IQ Mapping is a unique feature that allows the measurement area to be moved in a stationery Cassegrain to build up an image map without moving the stage. IQ Mapping can be used with transmission, reflection and ATR measurements. It is exceptionally useful for ATR measurement as an area in contact with the crystal can be mapped without lifting and repositioning the objective prism, which normally causes damage to the surface during the process. IQ Mapping also provides imaging for soft samples, like gels or even viscous liquids. The ATR prism will agitate the sample if it is lifted and repositioned, but using the Clear View SS type ATR objective allows the sample to be viewed and measured without disturbing the sample once it is in position.
Fluorescence Observation in FTIR Microscopy
Fluorescence observation can be used to identify fluorescent samples which cannot be seen with visible light (Figure 6.). Two options are available with different wavelength ranges. The wavelength range is selected with a filter.
Differential Interference Contrast Observation (DIC)
Differential Interference Contrast Observation (DIC) uses polarized light and a Nomarski-modified Wollaston prism to enhance the observation of images with low contrast. DIC uses phase difference in light to stereographically view very small step differences in the submicron order. Nomarski prisms are used to create bright and dark contrast from the differences in the two beams directly reflected at the sample’s surface. This technique can be applied equally to low contrast biological and non-biological samples that have small unevenness in the surface, an example may be seen in Figure 7.
Polarized light observation (PLO) exploits the differences in anisotropic properties to enhance the observation of materials with low contrast. PLO uses two polarized elements located in the optical path on each side of the sample being observed. It is particularly useful for samples such as biomolecules and biostructures, minerals, ceramics, mineral fibers, extended polymers, liquid crystals, etc. DIC of a polymer sample may be seen in Figure 8.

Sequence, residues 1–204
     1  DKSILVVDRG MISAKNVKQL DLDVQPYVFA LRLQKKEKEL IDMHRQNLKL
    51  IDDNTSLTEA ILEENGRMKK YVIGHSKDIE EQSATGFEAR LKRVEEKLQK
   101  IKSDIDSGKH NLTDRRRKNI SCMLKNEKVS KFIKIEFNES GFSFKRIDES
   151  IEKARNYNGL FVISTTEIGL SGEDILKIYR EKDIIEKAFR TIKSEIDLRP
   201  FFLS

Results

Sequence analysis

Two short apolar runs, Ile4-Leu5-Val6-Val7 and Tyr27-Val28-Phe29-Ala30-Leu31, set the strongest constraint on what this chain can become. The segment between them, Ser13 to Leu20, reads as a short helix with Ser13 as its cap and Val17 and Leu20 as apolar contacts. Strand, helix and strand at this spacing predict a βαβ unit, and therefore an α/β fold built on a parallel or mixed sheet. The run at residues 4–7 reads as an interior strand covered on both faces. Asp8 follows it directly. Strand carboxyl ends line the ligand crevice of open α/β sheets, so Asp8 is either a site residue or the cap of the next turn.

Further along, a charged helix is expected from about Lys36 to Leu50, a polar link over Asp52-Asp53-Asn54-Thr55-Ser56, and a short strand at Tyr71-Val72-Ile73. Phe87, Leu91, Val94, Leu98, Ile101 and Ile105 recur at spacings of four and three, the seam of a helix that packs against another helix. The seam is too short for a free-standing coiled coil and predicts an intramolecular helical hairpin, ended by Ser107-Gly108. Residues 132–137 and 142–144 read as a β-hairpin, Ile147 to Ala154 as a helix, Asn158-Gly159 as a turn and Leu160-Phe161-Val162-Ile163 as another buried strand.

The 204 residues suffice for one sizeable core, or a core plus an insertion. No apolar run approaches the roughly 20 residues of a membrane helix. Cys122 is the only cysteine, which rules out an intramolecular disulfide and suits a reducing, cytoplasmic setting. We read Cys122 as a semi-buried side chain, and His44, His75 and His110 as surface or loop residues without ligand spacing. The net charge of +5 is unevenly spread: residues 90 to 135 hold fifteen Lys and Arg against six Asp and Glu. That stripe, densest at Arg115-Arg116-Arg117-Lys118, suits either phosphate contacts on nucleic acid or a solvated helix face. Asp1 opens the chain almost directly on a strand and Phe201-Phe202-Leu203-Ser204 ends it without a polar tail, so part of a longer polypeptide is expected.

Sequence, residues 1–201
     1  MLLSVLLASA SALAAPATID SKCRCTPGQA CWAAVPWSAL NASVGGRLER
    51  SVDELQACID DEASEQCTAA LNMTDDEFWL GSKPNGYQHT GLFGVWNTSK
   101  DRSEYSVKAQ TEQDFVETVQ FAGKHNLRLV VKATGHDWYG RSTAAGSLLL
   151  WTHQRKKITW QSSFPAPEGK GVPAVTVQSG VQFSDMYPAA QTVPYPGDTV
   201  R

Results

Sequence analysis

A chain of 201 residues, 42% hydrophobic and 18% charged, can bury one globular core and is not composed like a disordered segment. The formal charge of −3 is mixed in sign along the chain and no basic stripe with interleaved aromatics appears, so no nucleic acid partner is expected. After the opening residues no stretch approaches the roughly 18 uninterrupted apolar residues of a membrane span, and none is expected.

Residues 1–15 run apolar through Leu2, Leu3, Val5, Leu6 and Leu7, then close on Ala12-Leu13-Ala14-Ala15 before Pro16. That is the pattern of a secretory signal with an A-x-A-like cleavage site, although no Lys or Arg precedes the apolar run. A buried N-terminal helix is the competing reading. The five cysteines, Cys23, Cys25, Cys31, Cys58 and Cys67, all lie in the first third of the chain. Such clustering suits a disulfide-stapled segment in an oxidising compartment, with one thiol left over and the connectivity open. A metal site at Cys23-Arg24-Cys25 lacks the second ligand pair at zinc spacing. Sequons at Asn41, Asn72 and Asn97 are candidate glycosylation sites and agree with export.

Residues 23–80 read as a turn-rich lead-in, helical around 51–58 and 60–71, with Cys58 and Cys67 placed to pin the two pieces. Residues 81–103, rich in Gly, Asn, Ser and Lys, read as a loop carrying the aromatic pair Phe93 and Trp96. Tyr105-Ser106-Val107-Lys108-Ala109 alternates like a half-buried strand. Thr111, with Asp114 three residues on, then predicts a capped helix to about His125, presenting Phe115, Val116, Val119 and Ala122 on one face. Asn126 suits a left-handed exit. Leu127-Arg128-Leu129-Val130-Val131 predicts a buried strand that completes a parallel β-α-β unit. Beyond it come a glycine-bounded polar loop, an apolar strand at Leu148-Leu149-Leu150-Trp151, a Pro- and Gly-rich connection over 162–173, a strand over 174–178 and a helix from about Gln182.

FTIR Microscopy Webinar
This introductory webinar covers FTIR imaging. After a quick recap of FTIR theory and instrumentation, sample preparation, techniques and objectives are discussed. Additionally, hardware such as sample stages, detectors, and complimentary microscopy techniques are reviewed.
Powerpoint slides can be downloaded here.
Applications of FTIR Microscopy
The objective of this application note is to demonstrate IR microscopy as an effective and rapid assessment tool to identify and characterize microplastics in water. Using IR microscopy, microplastics can be measured without elaborated pretreatment, and the type of plastic can be easily identified using FTIR databases. In addition, using IR imaging, it is possible to calculate the distribution ratio and measure the particle size.
In this application note, infrared spectroscopy provides the ability to study the interactions of the vibrational and rotational energies of atoms or groups of atoms within molecules. Infrared spectra reflect vibrational motions that produce a change in the permanent dipole moment of the molecule. Infrared spectroscopy is a powerful qualitative and quantitative tool. There is a large amount of information that can be gained by using infrared spectroscopy for the analysis of polymers. Minor changes to the molecular structure usually result in a spectrum that is clearly distinguishable from the spectrum of the original compound. Thus, they can be used to identify the presence of a specific chemical compound or mixture of compounds.
In this application note, we performed infrared imaging on slices of a mouse eyeball using the IMV-4000. We analyzed the IR spectra of each using primary component regression (PCR) and created an in-plane distribution map of the secondary structure of proteins (Figure 1). The measured area was 2750 x 1600 µm and the measurement size was 12.5 x 12.5 µm since a 16X cassegrain objective was used. 128 x 220 (28,160) points were measured. There were four integrations and the spectral resolution was 8 cm-1. The slice was placed on BaF2 (10mm diameter and 1mm thick) and measured in transmission. Figure 1-(1) shows an H&E (Hematoxylin and eosin)-stained image of the slice and Figure 1-(2) shows a visible image of the measurement area.